If the claimant does not elect the DRO, his case will proceed as a traditional appeal. There is a window of opportunity for electing the DRO. It is recommended that if the claimant wishes DRO review, he should request it in his NOD. Otherwise, VA will send the claimant an election letter, advising him of the option for DRO review and affording him 60 days to make an election. If the claimant does nothing within the 60-day period, the appeal will automatically proceed as a traditional appeal.

The traditional appeal process involves the issuance of a Statement of the Case and a substantive appeal to the BVA.

If the DRO has been selected he or she will review the evidence and applicable laws de novo and make a new decision. The DRO should not give deference to the previous rating decision. The DRO also has the authority to order additional development, conduct a hearing, if requested, or hold an informal conference. See 38 C.F.R. § 3.2600(a).

The DRO cannot overturn the favorable portion of the previous rating decision, unless the favorable portion of the prior decision contained clear and unmistakable error (“CUE”). Under the CAVC’s jurisprudence, evidence that is “clear and unmistakable” must be undebatable. See Quirin v. Shinseki, 22 Vet. App. 390, 396 (2009).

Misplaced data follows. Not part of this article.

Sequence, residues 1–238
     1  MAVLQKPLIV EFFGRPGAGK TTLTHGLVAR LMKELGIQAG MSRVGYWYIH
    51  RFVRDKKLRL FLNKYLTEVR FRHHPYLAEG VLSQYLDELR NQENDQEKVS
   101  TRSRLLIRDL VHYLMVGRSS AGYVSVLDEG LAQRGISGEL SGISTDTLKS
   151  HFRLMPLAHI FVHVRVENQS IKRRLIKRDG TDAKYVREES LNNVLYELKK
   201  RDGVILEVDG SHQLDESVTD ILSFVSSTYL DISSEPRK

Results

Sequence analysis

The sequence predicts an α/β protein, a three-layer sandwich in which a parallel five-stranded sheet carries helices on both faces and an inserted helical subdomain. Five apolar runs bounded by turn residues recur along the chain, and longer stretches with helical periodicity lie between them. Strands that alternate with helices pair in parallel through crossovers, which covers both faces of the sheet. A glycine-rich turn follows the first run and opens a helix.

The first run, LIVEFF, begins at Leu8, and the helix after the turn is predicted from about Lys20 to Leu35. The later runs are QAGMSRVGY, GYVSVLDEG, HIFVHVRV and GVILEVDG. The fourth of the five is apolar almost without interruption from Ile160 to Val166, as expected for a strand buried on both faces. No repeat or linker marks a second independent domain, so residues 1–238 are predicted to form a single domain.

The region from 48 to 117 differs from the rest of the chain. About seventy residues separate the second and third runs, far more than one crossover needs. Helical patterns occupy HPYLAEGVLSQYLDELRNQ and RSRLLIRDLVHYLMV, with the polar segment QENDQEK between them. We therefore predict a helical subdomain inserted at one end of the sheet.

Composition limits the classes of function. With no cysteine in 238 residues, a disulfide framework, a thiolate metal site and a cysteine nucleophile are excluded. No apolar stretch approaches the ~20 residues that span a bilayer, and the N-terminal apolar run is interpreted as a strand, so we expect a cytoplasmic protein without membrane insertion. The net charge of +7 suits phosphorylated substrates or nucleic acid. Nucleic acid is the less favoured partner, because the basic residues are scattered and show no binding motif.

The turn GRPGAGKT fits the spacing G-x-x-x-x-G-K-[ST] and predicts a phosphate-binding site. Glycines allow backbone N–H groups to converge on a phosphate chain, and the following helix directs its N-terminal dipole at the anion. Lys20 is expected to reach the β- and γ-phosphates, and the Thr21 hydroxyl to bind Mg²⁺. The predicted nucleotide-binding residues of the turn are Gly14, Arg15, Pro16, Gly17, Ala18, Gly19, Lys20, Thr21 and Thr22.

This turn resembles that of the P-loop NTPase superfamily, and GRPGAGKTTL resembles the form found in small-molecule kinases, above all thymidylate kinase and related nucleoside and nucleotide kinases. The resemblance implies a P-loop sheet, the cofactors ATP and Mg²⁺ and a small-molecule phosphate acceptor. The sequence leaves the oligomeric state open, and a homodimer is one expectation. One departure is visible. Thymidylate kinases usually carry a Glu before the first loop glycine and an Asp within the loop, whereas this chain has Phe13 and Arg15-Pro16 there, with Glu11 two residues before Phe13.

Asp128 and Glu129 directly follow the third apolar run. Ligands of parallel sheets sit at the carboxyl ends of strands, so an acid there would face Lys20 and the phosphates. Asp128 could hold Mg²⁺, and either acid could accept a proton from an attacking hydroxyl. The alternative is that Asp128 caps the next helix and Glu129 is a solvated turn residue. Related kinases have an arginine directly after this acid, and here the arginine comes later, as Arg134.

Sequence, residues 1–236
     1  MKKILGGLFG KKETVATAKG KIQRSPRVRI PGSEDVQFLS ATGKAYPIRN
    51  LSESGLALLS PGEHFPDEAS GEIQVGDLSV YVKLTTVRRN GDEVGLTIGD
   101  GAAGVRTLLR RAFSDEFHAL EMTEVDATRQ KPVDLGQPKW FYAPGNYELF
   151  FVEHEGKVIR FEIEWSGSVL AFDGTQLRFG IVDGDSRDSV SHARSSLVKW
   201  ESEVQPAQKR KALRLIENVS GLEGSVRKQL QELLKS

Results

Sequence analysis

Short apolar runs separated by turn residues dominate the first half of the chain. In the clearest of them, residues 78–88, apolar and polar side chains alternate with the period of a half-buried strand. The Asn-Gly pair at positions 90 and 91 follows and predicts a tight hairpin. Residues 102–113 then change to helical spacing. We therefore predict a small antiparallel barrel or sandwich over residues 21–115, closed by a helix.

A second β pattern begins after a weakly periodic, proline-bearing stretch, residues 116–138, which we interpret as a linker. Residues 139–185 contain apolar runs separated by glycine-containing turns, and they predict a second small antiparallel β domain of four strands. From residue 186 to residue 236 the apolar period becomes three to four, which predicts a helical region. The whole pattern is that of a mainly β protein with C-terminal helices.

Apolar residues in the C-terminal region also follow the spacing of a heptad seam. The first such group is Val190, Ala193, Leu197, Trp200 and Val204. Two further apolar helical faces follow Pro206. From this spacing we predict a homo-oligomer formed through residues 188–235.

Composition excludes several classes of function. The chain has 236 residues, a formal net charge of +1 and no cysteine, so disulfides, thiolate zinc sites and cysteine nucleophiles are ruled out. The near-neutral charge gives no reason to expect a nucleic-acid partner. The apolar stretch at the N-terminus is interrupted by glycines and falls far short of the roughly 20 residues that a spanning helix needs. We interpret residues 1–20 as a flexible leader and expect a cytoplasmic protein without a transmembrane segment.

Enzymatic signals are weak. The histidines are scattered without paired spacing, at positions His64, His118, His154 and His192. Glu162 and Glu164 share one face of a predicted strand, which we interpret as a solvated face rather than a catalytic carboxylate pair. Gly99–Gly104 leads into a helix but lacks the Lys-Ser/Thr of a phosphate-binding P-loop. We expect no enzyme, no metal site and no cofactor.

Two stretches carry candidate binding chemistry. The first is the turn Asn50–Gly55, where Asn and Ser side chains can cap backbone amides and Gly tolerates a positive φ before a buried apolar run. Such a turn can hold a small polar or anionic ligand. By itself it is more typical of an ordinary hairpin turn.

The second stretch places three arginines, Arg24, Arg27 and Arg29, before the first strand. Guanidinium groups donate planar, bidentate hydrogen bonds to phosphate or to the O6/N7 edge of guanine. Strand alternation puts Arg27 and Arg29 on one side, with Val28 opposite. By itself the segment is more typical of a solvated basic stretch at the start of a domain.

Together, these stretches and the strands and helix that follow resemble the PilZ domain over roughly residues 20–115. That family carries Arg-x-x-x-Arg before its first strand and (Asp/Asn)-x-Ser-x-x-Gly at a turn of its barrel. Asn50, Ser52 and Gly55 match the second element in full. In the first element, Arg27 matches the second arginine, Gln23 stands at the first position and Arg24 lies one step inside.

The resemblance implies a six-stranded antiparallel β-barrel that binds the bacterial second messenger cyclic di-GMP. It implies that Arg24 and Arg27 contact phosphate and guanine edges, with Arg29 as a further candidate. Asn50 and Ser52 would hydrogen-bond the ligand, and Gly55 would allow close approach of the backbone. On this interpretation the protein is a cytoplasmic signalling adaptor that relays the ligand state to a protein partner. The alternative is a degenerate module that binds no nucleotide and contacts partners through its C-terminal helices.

Limitations on the DRO

The DRO cannot “bargain” with the claimant. The VA adjudications manual states in relevant part:

A DRO cannot make a bargain with an appellant or his/her representative by requesting or requiring him/her to withdraw a claim or take any action in exchange for the granting of any benefit.

Manual M21-1MR, Part I, 5.C.12.h.

Practice Tip: The DRO’s know the people from the rating team. They generally will not overturn their colleague unless you give them something different to form the basis of a new decision. We recommend additional development of evidence and argument at the DRO stage.

The DRO Hearing

Some attorneys view the hearing as an important strategic tool in personalizing the claim before the VA adjudicators. It provides the VA adjudicators with an in-person opportunity to assess the claimant’s credibility. In practice, however, if any aspect of the claim is predicated on the credibility of a claimant (absent a combat veteran situation under 38 U.S.C. § 1154(b)), then as a practitioner you must be realistic about the chances of success. The VA does not like to grant claims based solely on veteran’s lay statements.

If the claimant wishes a hearing, then it should be done after the initial rating decision but before the Substantive Appeal (VA Form 9) is filed.